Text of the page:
UNICEF is committed to helping Viet Nam realize a child-sensitive social protection system that addresses social vulnerabilities, alongside income poverty and economic shocks.
Viet Nam aspires to an inclusive social protection system relevant to its lower middle-income status and to better realize basic human rights. However, the current social protection system is fragmented, with limited coverage and an inadequate range of benefits neither progressive nor child sensitive. As a result, the system is unable to address the multiple disadvantages, risks and vulnerabilities affecting children’s well-being.
Just 10 per cent of children can access social transfers, yet they are more affected by poverty than any other age group - accounting for 36.7 per cent of Viet Nam’s poor. There is a lack of basic cash support for children to address age-specific risks such as malnutrition, while eight-in-10 ethnic minority children are deprived from access to social services.
Children, particularly ethnic minority ones, are more affected by the changing nature of poverty and vulnerabilities than any other social group in Viet Nam.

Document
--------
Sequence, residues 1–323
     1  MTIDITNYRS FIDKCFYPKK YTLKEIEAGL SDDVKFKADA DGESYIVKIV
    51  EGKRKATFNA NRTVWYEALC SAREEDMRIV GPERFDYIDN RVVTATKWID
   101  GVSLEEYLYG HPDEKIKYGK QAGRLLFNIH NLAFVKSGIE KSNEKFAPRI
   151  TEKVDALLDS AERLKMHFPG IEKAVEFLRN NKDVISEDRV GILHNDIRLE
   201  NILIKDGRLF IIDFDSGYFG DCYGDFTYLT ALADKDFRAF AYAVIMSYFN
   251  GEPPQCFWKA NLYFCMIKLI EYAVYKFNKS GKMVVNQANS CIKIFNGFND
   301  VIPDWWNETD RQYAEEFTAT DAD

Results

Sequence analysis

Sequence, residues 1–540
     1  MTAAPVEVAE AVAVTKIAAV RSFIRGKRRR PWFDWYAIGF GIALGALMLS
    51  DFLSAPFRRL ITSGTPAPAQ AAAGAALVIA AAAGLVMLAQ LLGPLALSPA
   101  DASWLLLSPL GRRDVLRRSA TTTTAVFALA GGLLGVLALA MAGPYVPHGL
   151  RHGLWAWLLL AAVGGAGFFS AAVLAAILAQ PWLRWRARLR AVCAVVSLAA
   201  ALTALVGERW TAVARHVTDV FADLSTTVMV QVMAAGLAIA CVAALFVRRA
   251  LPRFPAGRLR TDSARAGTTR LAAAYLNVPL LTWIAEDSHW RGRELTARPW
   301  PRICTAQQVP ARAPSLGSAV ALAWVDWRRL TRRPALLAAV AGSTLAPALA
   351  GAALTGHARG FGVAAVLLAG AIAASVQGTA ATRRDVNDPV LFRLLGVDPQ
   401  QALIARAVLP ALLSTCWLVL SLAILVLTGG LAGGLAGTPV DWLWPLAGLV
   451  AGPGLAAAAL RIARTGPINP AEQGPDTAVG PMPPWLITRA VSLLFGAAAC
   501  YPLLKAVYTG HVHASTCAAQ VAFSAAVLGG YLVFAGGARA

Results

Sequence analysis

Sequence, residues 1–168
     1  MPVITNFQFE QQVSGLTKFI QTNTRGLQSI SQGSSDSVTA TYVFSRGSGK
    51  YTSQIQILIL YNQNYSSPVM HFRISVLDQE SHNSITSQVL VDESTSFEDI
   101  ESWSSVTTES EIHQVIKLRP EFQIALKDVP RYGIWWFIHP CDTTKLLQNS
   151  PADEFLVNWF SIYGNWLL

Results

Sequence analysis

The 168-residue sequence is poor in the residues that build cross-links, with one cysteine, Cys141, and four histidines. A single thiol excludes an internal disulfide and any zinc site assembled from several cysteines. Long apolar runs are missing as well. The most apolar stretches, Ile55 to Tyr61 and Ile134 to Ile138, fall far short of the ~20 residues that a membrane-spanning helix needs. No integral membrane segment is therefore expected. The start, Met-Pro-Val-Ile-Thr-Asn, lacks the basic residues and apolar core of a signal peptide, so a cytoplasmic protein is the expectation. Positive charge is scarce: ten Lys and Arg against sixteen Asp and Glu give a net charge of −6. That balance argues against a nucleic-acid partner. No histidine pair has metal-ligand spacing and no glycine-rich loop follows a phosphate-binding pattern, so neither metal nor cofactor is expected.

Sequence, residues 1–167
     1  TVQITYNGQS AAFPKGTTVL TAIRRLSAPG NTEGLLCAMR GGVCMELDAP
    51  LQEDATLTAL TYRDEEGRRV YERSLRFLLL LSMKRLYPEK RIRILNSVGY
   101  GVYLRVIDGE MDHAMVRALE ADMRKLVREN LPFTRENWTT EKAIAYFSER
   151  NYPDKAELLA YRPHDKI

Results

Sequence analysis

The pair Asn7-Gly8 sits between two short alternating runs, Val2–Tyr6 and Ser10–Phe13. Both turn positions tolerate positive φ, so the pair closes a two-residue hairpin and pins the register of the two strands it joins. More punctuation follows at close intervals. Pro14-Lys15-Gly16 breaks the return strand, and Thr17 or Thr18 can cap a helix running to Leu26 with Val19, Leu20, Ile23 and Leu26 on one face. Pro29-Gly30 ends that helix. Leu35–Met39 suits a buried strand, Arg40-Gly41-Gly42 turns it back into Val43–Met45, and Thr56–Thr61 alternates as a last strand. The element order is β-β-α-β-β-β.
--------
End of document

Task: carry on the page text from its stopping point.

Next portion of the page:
To address multi-dimensional child poverty and improve the lives of children, UNICEF is supporting the government to develop a child-sensitive social protection system. Such a system will mitigate the impacts of poverty, support families in their childcare role and enhance access to basic services, such as education and healthcare, for the poorest and most marginalized.
This will be achieved through generation of evidence and analysis on new forms of child poverty and vulnerability, and policy options to improve coverage and effectiveness of social assistance for children. In particular, strengthening the legal, policy and institutional frameworks to implement the national social protection reform agenda towards universal and life-cycle approaches is critical. As many at-risk children live outside family care, Viet Nam’s child-sensitive social protection system must be responsive to this vulnerable group as well as to children facing abuse or discrimination at home.
Making social protection more child-sensitive has the potential to benefit not only children, but also their families, communities and national development as a whole.